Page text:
Movie Review: ‘Coco’ Seizes the Moment

Young Miguel dreams of becoming an accomplished musician like his idol Ernesto de la Cruz.

Pixar’s movies all have one theme in common: they all seem to revolve around the preservation of memories. “Coco,” the new Pixar film, is a loose variation on that theme. Set during Mexico’s annual Dia de los Muertos holiday, it illustrates in great detail how families celebrate, honor and remember their dead loved ones.

Just like the holiday, the film is not at all mournful, but joyous. “Coco” tells the story of a 12-year-old boy who magically traverses between the Land of the Living and the Land of the Dead, which, despite its name, is not at all a gloomy place. Rather, it’s an enchanting city, glowing with vibrant color and garnished with chimerical creatures, or “spirit animals.” It’s no exaggeration to say it shows us things we’ve never seen before, something that happens so rarely in modern cinema.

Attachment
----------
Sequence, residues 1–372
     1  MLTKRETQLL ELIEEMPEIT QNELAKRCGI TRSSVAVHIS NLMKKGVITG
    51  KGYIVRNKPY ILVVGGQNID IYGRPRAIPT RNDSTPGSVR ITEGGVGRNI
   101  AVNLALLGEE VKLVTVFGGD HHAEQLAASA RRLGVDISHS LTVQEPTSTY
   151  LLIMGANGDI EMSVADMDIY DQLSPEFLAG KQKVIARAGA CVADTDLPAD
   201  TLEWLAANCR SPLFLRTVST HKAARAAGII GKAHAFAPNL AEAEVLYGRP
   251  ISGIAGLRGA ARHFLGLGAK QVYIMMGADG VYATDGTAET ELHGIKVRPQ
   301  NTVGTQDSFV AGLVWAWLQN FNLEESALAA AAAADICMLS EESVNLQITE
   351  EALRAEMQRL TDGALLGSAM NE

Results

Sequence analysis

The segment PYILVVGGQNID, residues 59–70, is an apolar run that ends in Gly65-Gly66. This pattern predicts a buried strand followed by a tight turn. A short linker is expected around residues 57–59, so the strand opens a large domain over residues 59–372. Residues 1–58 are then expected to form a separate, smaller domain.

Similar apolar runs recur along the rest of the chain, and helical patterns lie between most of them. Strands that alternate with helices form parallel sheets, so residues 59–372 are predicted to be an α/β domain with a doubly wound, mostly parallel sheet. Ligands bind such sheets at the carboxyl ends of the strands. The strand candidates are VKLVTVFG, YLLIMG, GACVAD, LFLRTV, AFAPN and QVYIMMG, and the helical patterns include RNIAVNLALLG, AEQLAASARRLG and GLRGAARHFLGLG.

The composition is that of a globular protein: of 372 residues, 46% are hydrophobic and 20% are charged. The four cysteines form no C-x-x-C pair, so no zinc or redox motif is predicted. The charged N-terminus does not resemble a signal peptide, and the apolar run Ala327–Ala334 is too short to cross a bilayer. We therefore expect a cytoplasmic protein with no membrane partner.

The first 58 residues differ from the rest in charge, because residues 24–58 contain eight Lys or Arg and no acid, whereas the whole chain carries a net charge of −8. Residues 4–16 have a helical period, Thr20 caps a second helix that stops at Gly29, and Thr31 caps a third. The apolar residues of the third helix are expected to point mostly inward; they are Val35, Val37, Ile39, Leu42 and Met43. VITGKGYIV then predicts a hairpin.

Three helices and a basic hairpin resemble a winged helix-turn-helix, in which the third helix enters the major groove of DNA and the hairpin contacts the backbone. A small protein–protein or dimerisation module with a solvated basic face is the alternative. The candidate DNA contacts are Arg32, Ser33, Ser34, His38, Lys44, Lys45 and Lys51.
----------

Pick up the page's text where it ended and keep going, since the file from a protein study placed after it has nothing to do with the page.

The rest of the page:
Despite his family’s generations-old ban on music, young Miguel dreams of becoming an accomplished musician like his idol Ernesto de la Cruz. Desperate to prove his talent, Miguel finds himself in the stunning and colorful Land of the Dead. After meeting a charming trickster named Héctor, the two new friends embark on an extraordinary journey to unlock the real story behind Miguel’s family history. The story is filled with vibrant colors, lovable characters and surprisingly unexpected plot twists.

I won’t elaborate on the plot twists to avoid any potential spoilers.

If you are looking for a movie that will make you laugh and cry (or, if you’re like me, makes you insist that you have something in your eyes and that’s why you’re crying), this is the movie for you. It is incredibly touching, filled with comedic relief thanks to Dante (the dog), and shows you that preserving memories is important to keeping family traditions alive.

Additionally, the short film before the film, “Olaf’s Frozen Adventure,” is icing on the cake for this cinematic adventure.

I would highly recommend seeing the film in theaters. The surround sound and massive screen only add to the overall film watching experience. It is a film that I definitely intend to go see again in theaters.

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